The manufacturing purchasing managers index ticked lower in July but is not far off from a record high, while the more important service purchasing management index shot higher to a record high. Meanwhile, business owner optimism ticked lower in July and the S&P 500 closed the week by breaking another all-time closing high. Here’s a roundup of the financial economic news.
The Manufacturing Purchasing Managers Index came off its peak in July but was still at a very strong number by historic comparison. According to The Institute for Supply Management (ISM), which conducts this survey of purchasing management professionals at large companies monthly, a reading above 50% indicates that the manufacturing economy is generally expanding; below 50% indicates that it is generally contracting. Nothing like a recession is indicated in the current reading.
The ISM also conducts a monthly survey of purchasing managers at service sector companies. Since the service sector accounts for 89% of economic activity in the U.S., this index is much more important to the financial economic outlook. The service economy survey shot higher in July, hitting its highest level since the index’ inception in January 2008, an impressive number
The Optimism Index, a monthly survey of business owners, decreased by 2.8 points in July to 99.7, reversing nearly the entire 2.9-point gain in June’s report, according to the National Association of Independent Business.
Six of the 10 index components of the business owner optimism index declined in July, while three improved, and one was unchanged. Sales expectations for the next three months decreased 11 points and business owners expecting better conditions over the next six months decreased 8 points.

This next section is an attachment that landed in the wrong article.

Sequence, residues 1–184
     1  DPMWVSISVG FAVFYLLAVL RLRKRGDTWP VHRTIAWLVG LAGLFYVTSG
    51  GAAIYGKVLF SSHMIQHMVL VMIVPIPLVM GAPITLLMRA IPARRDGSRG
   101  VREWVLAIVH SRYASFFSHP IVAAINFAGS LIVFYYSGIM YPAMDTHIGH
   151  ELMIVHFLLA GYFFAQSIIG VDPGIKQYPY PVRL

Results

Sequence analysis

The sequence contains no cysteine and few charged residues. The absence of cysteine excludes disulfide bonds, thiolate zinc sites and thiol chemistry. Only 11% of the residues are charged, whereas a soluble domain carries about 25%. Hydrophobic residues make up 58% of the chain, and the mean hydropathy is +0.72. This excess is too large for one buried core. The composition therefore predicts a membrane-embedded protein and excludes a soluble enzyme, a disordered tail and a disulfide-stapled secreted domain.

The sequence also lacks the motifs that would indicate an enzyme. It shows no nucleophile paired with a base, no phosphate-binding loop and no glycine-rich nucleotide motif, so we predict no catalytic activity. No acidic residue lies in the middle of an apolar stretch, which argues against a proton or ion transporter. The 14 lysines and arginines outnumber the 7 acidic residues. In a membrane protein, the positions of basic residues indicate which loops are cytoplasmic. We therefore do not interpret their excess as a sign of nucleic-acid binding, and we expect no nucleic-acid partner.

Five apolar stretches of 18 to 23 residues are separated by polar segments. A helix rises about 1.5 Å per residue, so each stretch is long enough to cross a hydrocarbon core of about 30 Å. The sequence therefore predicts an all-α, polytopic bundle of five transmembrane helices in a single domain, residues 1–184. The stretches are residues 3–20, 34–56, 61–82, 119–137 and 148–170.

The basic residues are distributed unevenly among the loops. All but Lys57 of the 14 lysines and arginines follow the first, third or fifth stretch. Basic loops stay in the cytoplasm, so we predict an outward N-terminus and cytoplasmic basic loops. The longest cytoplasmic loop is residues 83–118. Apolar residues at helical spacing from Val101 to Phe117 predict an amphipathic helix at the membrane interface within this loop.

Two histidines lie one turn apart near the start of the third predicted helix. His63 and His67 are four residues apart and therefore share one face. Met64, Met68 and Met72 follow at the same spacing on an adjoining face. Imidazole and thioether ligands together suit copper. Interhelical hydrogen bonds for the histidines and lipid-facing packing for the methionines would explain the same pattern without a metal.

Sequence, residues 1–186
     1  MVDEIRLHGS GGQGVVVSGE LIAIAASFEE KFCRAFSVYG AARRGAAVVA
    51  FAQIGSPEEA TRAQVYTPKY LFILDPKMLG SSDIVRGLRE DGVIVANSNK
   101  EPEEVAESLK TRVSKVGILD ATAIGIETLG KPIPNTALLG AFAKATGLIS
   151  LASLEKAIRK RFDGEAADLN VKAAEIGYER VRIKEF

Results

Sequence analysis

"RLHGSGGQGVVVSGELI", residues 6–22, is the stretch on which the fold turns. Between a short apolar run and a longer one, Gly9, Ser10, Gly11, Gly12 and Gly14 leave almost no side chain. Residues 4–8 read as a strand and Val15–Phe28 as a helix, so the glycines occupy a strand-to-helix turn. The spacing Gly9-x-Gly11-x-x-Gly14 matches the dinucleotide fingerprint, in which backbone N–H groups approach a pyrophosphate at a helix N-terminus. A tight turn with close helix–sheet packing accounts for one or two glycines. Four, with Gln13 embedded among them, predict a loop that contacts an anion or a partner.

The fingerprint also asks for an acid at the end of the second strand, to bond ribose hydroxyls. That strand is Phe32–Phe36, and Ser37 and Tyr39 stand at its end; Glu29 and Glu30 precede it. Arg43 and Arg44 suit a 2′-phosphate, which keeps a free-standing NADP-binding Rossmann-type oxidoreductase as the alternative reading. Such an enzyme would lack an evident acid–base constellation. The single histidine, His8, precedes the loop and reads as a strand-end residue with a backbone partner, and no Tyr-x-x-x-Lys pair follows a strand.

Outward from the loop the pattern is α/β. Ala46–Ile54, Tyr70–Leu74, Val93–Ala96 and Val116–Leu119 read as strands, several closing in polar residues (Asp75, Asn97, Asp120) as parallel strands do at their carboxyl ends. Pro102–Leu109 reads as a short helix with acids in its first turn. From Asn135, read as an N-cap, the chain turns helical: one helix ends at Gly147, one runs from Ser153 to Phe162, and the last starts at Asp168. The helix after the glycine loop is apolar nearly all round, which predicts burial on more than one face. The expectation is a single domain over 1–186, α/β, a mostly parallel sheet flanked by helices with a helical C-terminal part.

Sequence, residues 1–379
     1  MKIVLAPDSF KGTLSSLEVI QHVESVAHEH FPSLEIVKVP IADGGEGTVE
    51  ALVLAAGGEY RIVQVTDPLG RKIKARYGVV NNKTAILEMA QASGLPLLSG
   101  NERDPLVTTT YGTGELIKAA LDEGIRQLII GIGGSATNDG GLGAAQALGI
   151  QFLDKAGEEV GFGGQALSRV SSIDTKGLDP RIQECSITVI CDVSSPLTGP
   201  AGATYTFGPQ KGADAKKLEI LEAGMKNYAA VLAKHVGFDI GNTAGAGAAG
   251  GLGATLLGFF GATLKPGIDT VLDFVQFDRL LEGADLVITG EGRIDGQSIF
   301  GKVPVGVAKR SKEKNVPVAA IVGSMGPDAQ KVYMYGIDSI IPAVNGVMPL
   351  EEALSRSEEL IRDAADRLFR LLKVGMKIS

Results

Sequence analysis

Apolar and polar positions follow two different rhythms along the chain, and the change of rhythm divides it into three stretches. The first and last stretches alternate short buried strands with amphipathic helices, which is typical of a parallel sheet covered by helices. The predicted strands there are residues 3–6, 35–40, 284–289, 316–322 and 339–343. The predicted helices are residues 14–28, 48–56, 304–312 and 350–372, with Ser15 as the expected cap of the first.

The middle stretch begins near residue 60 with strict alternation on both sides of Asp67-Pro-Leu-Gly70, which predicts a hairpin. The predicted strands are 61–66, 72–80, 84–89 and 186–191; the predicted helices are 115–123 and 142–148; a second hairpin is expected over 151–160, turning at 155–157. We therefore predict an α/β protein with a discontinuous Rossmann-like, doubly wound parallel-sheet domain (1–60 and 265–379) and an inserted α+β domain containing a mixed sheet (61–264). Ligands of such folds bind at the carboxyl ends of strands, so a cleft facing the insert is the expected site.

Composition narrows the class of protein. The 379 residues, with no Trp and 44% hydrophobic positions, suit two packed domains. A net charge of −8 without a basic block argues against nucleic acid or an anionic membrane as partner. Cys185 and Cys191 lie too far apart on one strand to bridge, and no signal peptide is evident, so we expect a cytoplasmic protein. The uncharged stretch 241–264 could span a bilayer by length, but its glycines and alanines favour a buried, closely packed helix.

Notably, 49% of business owners reported job openings that could not be filled, an increase of 3 points from June and a 48-year record high.
The Standard & Poor’s 500 stock index closed Friday at an all time high of 4,468.00 for the second week in a row. According to The Wall Street Journal, Friday marked the 48th time in 2021 that the index broke its record high. The S&P 500 gained +0.16% from Thursday and +0.70% from last week. Since the March 23, 2020, bear market low, the S&P 500 index is up +66.53%.
Inflation uncertainty and the spread of the Covid variant remain the two known major risks and could cause a sharp stock price decline, but a recession is not a threat.
A parting tip: Consider whether the next sharp drop in stock prices would present a strategic tax-selling opportunity to convert traditional IRA or 401(k) assets invested in stocks into tax-free Roth IRAs. With tax rates low but expected to be going up, converting to a Roth IRA in 2021 is something for retirement savers to evaluate in the current environment.
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